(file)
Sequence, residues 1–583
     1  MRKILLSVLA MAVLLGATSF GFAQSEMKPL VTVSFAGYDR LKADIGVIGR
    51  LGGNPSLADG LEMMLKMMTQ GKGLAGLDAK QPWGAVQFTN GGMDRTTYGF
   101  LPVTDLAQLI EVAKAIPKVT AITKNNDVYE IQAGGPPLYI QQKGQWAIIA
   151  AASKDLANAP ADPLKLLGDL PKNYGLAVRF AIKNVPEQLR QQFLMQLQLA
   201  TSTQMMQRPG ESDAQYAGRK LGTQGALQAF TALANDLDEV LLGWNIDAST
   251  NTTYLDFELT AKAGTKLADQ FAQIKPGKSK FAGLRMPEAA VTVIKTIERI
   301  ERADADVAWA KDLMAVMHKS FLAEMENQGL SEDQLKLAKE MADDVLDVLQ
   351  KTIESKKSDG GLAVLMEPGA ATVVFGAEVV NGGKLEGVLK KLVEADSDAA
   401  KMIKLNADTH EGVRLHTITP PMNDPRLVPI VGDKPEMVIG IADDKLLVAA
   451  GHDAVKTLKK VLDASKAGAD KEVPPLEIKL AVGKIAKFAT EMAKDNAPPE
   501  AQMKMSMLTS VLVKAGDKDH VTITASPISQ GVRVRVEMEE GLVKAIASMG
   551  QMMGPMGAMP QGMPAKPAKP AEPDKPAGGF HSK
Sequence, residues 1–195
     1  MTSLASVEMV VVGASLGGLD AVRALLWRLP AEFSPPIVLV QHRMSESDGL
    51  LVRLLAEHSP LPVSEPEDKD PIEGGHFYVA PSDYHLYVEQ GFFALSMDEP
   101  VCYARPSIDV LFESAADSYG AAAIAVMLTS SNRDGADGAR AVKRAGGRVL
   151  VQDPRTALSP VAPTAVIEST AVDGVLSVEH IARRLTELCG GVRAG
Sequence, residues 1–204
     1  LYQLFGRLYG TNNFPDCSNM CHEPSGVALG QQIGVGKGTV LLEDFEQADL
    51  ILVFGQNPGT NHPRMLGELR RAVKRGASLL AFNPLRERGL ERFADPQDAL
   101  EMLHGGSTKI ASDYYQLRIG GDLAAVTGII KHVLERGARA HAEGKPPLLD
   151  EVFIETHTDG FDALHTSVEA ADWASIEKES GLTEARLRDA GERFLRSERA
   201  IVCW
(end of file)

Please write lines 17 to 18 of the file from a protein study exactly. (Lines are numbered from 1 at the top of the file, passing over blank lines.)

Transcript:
   101  VCYARPSIDV LFESAADSYG AAAIAVMLTS SNRDGADGAR AVKRAGGRVL
   151  VQDPRTALSP VAPTAVIEST AVDGVLSVEH IARRLTELCG GVRAG